Second Battalion, commanded by Major Herbert Bliss, consisted of 3rd Company, covering Newport; 13th Company, covering Bristol, and the 15th Company covering East Providence.

     Third Battalion, commanded by Major Walter G. Gatchell, consisted of 1st Company, covering Woonsocket; 6th and 7th Company, covering Pawtucket; and 14th Company covering Smithfield.

     Fourth Battalion, commanded by Major Alonzo R. Williams, consisted of 9th, 10th, and 11th and 12th Company covering Providence.

     Fifth Battalion, commanded by Major Archibald C. Matteson, consisted of 5th and 8th Company of Providence, 17th and 18th Company covering Cranston.

     The Headquarters and Supply Company was commanded by Captain Irvin C. Elmer. Captain E. Merle Bixby was put in command of the machine gun detachment, and Major N. Darrell Harvey in command of the sanitary detachment. These three commands were based in Providence.

     The machine gun detachment was to include thirty motorcycles with side cars, each equipped with tandem seats allowing each motorcycle to carry three men – one driver, two passengers. In this way the unit could be deployed quickly to different parts of the sate at the same time. The company was supplied with revolvers, rifles, and mounted machineguns.        

WWII era State Guard reserve uniform patch.

     In the early stages of its development, the State Guard drilled with weapons of various types until issued Krag Jorgensen rifles by the state, but these were soon replaced by Enfield rifles issued by the federal government. Some guardsmen were also issued pistols. Firearms training was conducted at a range in East Providence.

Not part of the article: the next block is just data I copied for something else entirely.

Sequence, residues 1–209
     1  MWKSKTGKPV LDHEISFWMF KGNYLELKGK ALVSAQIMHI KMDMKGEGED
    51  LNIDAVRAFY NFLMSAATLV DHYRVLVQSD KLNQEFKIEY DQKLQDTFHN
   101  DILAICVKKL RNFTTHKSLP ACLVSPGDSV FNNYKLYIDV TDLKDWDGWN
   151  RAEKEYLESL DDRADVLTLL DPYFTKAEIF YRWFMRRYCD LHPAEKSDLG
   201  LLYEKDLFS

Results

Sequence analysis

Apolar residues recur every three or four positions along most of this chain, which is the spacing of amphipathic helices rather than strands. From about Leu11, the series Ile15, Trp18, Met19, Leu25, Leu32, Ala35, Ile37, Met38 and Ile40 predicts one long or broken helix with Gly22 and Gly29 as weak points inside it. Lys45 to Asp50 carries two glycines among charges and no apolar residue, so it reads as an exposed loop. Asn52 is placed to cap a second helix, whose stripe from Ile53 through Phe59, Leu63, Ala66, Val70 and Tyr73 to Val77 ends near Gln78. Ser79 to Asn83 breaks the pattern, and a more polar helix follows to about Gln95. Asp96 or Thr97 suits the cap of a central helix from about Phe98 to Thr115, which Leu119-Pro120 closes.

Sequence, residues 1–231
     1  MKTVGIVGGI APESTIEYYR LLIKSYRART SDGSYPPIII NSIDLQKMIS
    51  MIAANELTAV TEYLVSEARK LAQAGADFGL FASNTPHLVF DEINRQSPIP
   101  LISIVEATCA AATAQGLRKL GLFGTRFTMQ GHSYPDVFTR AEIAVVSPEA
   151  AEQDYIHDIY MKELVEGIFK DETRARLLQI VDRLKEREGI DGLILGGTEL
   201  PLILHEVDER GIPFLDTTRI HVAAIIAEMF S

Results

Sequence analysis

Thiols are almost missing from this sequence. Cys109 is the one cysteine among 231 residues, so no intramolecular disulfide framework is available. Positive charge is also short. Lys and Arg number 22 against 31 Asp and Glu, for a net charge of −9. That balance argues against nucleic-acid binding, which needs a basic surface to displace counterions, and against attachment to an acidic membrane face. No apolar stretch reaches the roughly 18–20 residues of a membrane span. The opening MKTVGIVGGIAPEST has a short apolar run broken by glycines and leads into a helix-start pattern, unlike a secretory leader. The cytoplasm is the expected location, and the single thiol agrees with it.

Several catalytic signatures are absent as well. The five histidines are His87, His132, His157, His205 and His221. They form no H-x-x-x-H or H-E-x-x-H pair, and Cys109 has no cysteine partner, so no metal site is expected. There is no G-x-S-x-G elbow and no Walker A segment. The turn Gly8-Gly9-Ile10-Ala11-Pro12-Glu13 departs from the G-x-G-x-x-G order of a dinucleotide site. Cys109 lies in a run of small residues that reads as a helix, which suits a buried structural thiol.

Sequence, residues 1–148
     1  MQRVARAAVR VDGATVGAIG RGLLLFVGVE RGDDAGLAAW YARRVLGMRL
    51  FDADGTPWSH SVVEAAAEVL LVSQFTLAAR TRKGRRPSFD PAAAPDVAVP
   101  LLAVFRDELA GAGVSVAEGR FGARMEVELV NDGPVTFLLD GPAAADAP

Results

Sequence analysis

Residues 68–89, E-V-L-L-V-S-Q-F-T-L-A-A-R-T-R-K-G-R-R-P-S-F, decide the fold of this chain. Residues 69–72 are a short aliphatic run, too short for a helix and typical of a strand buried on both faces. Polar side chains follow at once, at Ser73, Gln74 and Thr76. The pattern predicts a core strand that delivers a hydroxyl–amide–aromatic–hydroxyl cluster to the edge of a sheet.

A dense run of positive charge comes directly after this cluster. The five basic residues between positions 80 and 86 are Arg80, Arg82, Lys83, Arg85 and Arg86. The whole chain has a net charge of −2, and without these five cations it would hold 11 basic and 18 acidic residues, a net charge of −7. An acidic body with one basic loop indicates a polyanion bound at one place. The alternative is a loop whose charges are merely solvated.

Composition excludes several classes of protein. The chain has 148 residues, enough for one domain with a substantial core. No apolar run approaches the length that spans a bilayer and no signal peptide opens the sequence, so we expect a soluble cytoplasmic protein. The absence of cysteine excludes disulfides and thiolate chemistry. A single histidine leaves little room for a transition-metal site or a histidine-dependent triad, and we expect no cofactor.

Guardsmen wore a military style uniform, but what the uniform looked like is unclear; only that they were not to be confused with uniforms worn by members of the United States Army.  

     Some of those who enlisted in the State Guard included former national guardsmen, middle-aged and older men past the draft age, and younger men who were in a deferred draft status under the Selective Service Law.  While some of the early enlistees signed on for three year enlistments, most were obligated to serve for the duration of the war plus six months.   

     From October 12 to 31, 1918, members of the Third Battalion were called to duty in Pawtucket to assist in the 1918 flu pandemic. 

     World War I ended in November of 1918, but the Rhode Island State Guard remained in operation for more than a year later. In November of 1919, Governor Beeckman announced that due to dwindling numbers in the state’s National Guard, he was going to keep the State Guard on operational status for an undetermined length of time to be ready for immediate service in case of need. The State Guard was finally demobilized on June 1, 1920.